In 1990, two years after we moved to McKinleyville, a deli opened across from Cal's Unocal station. Cal's wife Ann had alerted us. "They make their own sausage!" So we were almost their first customers. And there were indeed sausages, fascinating ones like a Northern Italian-style with fennel, garlic and red wine, Moroccan lamb sausage, Swedish potato sausage, liver sausage with pistachios and mushrooms, dry salami, slabs of smoked bacon. And the best hot dogs we'd had since L.A.
The name was less creative: "Central Plaza Meat and Deli." A higher level of imagination was behind the counter, staffed by attractive blondes, none of them so pretty as co-owner Laura Lawson. Her husband, Roger, a casually handsome man, had risen through the ranks of meat cutters (E&O Market in Blue Lake, Ray's, and the high-end Fifth and L Market). He was charming, garrulous, ambitious and loved to experiment, so Beni and I were willing subjects for the multitude of things he tried -- most, to be sure, destined to go nowhere -- as he honed his charcuterie to what they could sell. (Lamb sausage, alas, was too radical for McKinleyville.)
After a year, they began shrink-wrapping and selling to local markets. One significant equipment investment, long before commodity producers tried it, was a 500-pound "tumbler," a magical vacuum-sealed machine that tumbled meat in a marinade for 12 hours or more, turning dry turkey breasts succulent and tender. They bought an industrial "smoker," and began producing boneless hams that were tender and flavorful, marketing their products at regional food fairs, under the name "Humboldt Sausage Works."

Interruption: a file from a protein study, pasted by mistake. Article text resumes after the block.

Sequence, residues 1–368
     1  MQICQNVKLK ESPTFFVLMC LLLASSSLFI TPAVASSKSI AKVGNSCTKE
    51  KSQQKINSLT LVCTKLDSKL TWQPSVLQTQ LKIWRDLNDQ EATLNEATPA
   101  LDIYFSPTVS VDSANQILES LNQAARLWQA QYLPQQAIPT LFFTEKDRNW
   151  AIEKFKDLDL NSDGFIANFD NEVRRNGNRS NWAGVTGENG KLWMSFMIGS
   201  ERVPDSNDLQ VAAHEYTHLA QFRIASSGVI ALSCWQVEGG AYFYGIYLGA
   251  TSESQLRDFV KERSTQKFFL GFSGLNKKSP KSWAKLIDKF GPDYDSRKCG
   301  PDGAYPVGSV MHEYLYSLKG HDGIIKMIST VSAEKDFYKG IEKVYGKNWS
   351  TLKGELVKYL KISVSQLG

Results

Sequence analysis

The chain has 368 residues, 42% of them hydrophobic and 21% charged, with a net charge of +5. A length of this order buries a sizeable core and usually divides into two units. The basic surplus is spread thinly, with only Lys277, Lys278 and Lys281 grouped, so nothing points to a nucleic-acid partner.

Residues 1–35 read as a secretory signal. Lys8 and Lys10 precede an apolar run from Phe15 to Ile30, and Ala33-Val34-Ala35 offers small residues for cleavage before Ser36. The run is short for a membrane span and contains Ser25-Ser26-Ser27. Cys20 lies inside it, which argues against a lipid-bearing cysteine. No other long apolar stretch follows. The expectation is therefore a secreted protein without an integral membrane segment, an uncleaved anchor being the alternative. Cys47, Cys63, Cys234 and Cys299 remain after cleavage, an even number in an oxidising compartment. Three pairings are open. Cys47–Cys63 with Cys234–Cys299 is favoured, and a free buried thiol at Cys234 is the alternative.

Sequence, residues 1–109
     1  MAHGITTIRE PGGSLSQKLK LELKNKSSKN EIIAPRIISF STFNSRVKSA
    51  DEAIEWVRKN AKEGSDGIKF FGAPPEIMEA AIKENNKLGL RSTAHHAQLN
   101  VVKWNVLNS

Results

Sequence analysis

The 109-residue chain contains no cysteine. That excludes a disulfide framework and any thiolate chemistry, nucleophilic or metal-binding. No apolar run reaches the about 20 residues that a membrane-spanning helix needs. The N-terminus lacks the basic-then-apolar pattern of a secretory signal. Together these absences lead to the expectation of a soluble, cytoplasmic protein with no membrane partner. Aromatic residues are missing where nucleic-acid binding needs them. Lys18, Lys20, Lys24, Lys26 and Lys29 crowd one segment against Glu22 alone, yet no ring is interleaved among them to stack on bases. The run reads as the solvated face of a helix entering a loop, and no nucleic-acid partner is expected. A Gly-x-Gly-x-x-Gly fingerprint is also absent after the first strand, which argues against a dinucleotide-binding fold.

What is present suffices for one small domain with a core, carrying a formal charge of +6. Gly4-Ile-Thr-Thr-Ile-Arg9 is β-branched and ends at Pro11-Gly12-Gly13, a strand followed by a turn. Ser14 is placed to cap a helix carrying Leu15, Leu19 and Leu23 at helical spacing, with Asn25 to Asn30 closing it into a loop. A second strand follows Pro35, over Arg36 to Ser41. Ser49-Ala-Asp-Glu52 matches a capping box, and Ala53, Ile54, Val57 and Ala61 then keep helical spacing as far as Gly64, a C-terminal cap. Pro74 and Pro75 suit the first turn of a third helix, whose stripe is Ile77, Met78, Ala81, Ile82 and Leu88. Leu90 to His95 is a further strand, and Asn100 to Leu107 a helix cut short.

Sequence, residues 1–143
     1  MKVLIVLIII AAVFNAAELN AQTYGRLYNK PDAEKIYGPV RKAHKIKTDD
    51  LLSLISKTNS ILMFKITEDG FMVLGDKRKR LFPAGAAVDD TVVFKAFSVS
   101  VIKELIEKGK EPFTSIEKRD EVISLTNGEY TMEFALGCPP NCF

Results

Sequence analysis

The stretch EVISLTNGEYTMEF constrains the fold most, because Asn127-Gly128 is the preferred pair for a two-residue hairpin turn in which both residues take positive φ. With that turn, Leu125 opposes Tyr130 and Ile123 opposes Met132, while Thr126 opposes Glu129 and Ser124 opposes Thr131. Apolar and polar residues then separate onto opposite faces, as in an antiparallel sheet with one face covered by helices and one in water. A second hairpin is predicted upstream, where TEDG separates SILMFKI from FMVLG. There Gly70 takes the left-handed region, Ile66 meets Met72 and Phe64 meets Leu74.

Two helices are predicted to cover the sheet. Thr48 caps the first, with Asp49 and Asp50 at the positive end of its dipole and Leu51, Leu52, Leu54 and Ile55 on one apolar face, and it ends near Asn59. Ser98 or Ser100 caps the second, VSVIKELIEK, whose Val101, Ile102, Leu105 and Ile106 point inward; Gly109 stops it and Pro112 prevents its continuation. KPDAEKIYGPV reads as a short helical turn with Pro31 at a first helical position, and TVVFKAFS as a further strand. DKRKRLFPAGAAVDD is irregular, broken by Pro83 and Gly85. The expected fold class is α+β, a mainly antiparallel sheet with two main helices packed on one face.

I loved that name -- it credited our rural locale, at the same time providing a kind of funky romance, like "Iron Works" and "Skunk Works".
The Lawsons were the hardest-working couple we'd ever known -- and the food industry is grueling, demanding work, most often cruelly unprofitable. (Remember this the next time someone says, "You should bottle and sell this," or "You ought to start a restaurant.")
They routinely put in 14-hour days, Roger supervising production and dealing with both suppliers and customers (and he is really good at it, a key to their success), Laura keeping books, payroll and the immaculate provenance and testing records required by the USDA -- there was an inspector on the premises almost constantly. (You didn't know that? Yep, if you are handling anything that can harbor bacteria, you are under constant surveillance. This is the problem with country hams hanging in smokehouses, or sausages preserved in caves. You are free to make them. You just can't sell them.)
Humboldt Sausage Works products were so good they began to impress gourmands in Sonoma and the Bay Area, gaining a niche beyond local markets. And gradually they evolved from a deli into a manufacturer. Roger learned how to make pancetta, the sweet, rolled, Italian-style bacon, which we hadn't cooked with for a decade. Their charcuterie, initially including andouille (Cajun sausage), linguiça, knackwurst and bratwurst, expanded to chicken sausages, with imaginative combinations: Cajun, apples and Gouda, California sausage with tomato and basil, Southwest sausage, whiskey fennel sausage.
The deli was another story. After two years, the low-volume traffic from McKinleyville -- which was not only a graveyard for good restaurants but had traditionally supported some of the worst ones in the county -- made the retail operation expendable, and the space was surrendered to storage for the ever-expanding processing operations.